Vietnam is full of attractions, especially in the North. Here you can find one of the most amazing spots: Sapa, a city located to the Northwest of the country, not too far away from the China border.
In Sapa there are some of the biggest rice terraces in Vietnam, but this area is also known for the villages and different ethnic groups that inhabit the mountain region. Don’t stay in a hostel or hotel, and don’t join tour group! Here you can stay in the tribes’ homestay for about $15 a night. Finding an homestay is not hard, you just need to go to the center of Sapa and ask the women dressed in traditional clothes. If you don’t find them don’t worry, they will find you! Breakfast, dinner and hiking and trekking in those beautiful, wild, green rice terraces (the colors depends on the season) are all included in the price of a homestay.
You can also opt to hire a young local motorcycle taxi operator to act as a guide and get rides around. Along the way you can learn a little about their history, live the village life and get deep into their culture and lifestyle. Living a few days as a local is something really unique and exciting because you get in contact with a completely different reality, you must sleep in typical beds and eat typical food, get to know their families and how they live in the villages.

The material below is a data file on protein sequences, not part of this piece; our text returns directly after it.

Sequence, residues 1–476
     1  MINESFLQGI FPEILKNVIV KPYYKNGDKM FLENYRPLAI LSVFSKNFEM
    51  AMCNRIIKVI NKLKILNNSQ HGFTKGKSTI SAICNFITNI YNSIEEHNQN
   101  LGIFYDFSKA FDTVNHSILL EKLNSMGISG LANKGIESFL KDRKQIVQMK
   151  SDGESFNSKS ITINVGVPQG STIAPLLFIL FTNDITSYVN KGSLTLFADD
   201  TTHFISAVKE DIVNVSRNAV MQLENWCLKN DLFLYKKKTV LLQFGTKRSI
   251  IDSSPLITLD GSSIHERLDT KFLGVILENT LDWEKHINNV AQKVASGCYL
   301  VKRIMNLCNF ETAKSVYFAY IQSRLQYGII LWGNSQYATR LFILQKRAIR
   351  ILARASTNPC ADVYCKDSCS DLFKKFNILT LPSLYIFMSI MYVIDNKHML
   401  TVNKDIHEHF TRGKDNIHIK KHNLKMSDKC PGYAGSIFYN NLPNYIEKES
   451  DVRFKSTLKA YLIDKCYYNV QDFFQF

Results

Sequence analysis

How do I get to Sapa? If you are in Hanoi it is really simple, there are night buses that can get you there in 6-8 hours. If you love adventure, why not just buy a motorbike? But be careful…the roads are rough. You can also get the train from Hanoi to Lao Cai city, then a bus from Lao Cai to Sapa.
What else can I see in Sapa?
- The Bridge May (cầu May), is an historic bridge that stands on a spectacular mountain landscape
- Cat Cat Village
- The Hoang Lien National Park
- The it Iguazu Thac Bac (Thác Bạc or silver waterfall), a waterfall of 200 meters
- The Cathedral of Sapa, Sapa Town Hall, Sapa market and the Plaza de la Catedral
- The beautiful Lake of Sapa
- The colorful costumes of the Vietnamese tribal ethnic groups in the mountains of Sapa
Photo Credits: Michael Petrolini